Coco sugar sweetens small town’s financesBy Kaiza Marie Nawal
DAVAO CITY—The gathering of coconut sap has always been the domain of tuba gatherers in the country but in a small village in Misamis Oriental, family members were seen lending each one a helping hand in performing the task.
Linabu, however, is not Balingasag town’s tuba capital even if family members would gather at least three times a day as they pour on large vats or containers the saps that their kin had collected from the towering coconut trees.
“Sap gathering is also becoming a family affair in our community,” Maria Virgenia Pejoro, general manager of the Linabu Agrarian Multi-Purpose Coop. (Lampco), says.
Since five years ago, the sight of family members helping each other in gathering coconut sap has always been the scene in the village.
The gathered sap would then be turned over to the Lampco office and they earn money, not just a few bucks, but modest amount of cash enough to better their lives, according to Pejoro.
“We have noted that the quality of lives of the farmers has significantly improved,” she says.
The sap that Lampco members from 49 family-members gather turns into coco sugar at the Lampco mini factory inside the village.
Coco sugar has been touted worldwide as having the lowest glycemic index (GI) of just 35, even beating other sweeteners such as sugar beet, which has a GI of 64; and sugarcane, which has a GI of about 40.
It is also increasingly becoming a phenomenon because of its supposed good role in one’s health and has been selling hot in such countries as the United States and Japan.
Because the end-product has become Lampco’s cash cow, family members doubled their efforts, and from just 5-ton a month, their cooperative’s coco sugar production has since doubled.
These days, “a lot of farmers in the area have motorcycles, which they use for daily commuting, while others were able to send all their children to school, without compromising their other basic needs,” Pejoro, beaming with pride, says.
She adds the good things happening at the cooperative were brought in by their participation in government-sponsored trade fairs in the past, such as the International Food Exhibition (Ifex) in 2010.
To boost its marketing strategy, Lampco also adopted the tagline “Coco Sugar: A Smart Way to be Healthy.”
The Mindanao Development Authority (Minda), which has been assisting emerging ventures as Lampco’s, says in a statement that at the recent Market Week Philippines, Lampco was the top grosser in terms of sales and total amount of orders placed.
Market Week Philippines was a trade fair and showground of on-sale world-class items and products, Minda, Malacañang’s development arm in the south, says.
Minda says like Lampco, it—along with the Department of Trade and Industry and the Department of Agriculture—is also assisting 70 other Mindanao-based food producers, exporters and processors to participate in next year’s Ifex—the largest gathering of emerging and established businesses in the country.
Pejoro adds Lampco knew the importance of Ifex, which was why the cooperative will be participating in it anew next year.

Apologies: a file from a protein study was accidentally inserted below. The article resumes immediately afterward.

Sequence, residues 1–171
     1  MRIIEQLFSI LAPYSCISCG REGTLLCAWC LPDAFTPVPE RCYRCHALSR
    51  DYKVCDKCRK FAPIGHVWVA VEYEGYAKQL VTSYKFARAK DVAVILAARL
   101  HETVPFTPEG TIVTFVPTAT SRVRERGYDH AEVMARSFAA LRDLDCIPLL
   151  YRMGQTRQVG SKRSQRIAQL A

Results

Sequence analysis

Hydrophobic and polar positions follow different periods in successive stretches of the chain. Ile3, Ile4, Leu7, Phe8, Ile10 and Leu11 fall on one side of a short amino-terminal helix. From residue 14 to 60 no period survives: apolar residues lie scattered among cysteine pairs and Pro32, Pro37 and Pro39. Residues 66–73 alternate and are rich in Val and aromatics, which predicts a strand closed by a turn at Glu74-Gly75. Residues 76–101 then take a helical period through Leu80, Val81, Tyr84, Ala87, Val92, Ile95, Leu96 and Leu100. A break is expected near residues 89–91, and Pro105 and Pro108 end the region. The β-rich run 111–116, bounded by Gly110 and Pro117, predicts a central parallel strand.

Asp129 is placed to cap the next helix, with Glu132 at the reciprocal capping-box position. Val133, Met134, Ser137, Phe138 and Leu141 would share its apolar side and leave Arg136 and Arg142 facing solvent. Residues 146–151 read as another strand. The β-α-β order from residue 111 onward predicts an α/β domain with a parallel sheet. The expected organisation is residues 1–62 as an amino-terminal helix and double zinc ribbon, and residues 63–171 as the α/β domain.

“It was during our first Ifex participation in 2010, when we were able to close a deal with various coco sugar consolidators in Manila, which demanded up to five tons of coco sugar per month,” she says.
Pejoro adds that clinching the deals during the first Ifex was considered “a huge leap for the cooperative given its humble produce of at least three kilos per day at the beginning.”
“We are currently producing at least 10 tons per month, and we are thrilled by this increased demand for healthy and organic sugar,” she cites.
Another good thing that came to Lampco, Pejoro points out, was the recent certification of its coco sugar by Iberica Ambicert, the Spain-based subsidiary of organic-products certifier Ecocert, as carbon-neutral and genuinely organic.
The Europe-based Ecocert is recognized worldwide—including by the US Food and Drugs Administration—for its credible identification of products as purely organic.
Lampco’s Pejoro states the shift to coco sugar production was not an easy path for the cooperative, whose members were mainly copra producers.
First, she says they had to hurdle the mindset that copra production was easier as one only needed to harvest mature coconuts on a trimester basis.
“Coco sap, the main ingredient for the coco sugar, needs to be harvested at least three times a day,” she says.
Another thing, Pejoro says, was that their members were initially against using organic materials in their coco farms because it was perceived as more labor extensive.
“This means huge additional work for the farmers, but when they realized that it was a better source of income, they eventually joined the loop,” Pejoro adds.
Other things that helped convince Lampco members to shift to coco sugar production was the continuous prodding and assistance from government agencies, including the Department of Agrarian Reform (DAR).
Such that today, it’s not only family members who help each other gather sap.
At the cooperative’s packing area, they help one another in packing coco sugar by kilo and sachets.
Pejoro says they were looking forward to the day when Lampco members and those in neighboring villages could buy more than just motorcycles and would be able to send their children even to expensive and exclusive schools.
She adds as far as they were concerned, it was not a farfetched projection.